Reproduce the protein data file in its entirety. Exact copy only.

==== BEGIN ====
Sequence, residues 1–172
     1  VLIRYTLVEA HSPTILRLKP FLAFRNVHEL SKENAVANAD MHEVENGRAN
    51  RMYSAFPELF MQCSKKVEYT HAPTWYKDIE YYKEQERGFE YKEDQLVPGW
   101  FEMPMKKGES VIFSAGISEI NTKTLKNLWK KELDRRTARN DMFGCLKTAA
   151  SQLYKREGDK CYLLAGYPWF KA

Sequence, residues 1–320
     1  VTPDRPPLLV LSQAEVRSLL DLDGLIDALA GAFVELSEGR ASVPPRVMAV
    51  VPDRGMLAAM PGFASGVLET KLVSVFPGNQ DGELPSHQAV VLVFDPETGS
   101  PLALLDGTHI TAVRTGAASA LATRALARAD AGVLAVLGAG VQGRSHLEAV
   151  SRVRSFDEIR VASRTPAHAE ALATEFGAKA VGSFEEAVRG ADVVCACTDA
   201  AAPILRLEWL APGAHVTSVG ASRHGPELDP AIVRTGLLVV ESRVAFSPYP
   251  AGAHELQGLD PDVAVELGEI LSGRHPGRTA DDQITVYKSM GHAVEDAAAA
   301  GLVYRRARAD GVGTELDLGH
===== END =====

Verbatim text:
Sequence, residues 1–172
     1  VLIRYTLVEA HSPTILRLKP FLAFRNVHEL SKENAVANAD MHEVENGRAN
    51  RMYSAFPELF MQCSKKVEYT HAPTWYKDIE YYKEQERGFE YKEDQLVPGW
   101  FEMPMKKGES VIFSAGISEI NTKTLKNLWK KELDRRTARN DMFGCLKTAA
   151  SQLYKREGDK CYLLAGYPWF KA

Sequence, residues 1–320
     1  VTPDRPPLLV LSQAEVRSLL DLDGLIDALA GAFVELSEGR ASVPPRVMAV
    51  VPDRGMLAAM PGFASGVLET KLVSVFPGNQ DGELPSHQAV VLVFDPETGS
   101  PLALLDGTHI TAVRTGAASA LATRALARAD AGVLAVLGAG VQGRSHLEAV
   151  SRVRSFDEIR VASRTPAHAE ALATEFGAKA VGSFEEAVRG ADVVCACTDA
   201  AAPILRLEWL APGAHVTSVG ASRHGPELDP AIVRTGLLVV ESRVAFSPYP
   251  AGAHELQGLD PDVAVELGEI LSGRHPGRTA DDQITVYKSM GHAVEDAAAA
   301  GLVYRRARAD GVGTELDLGH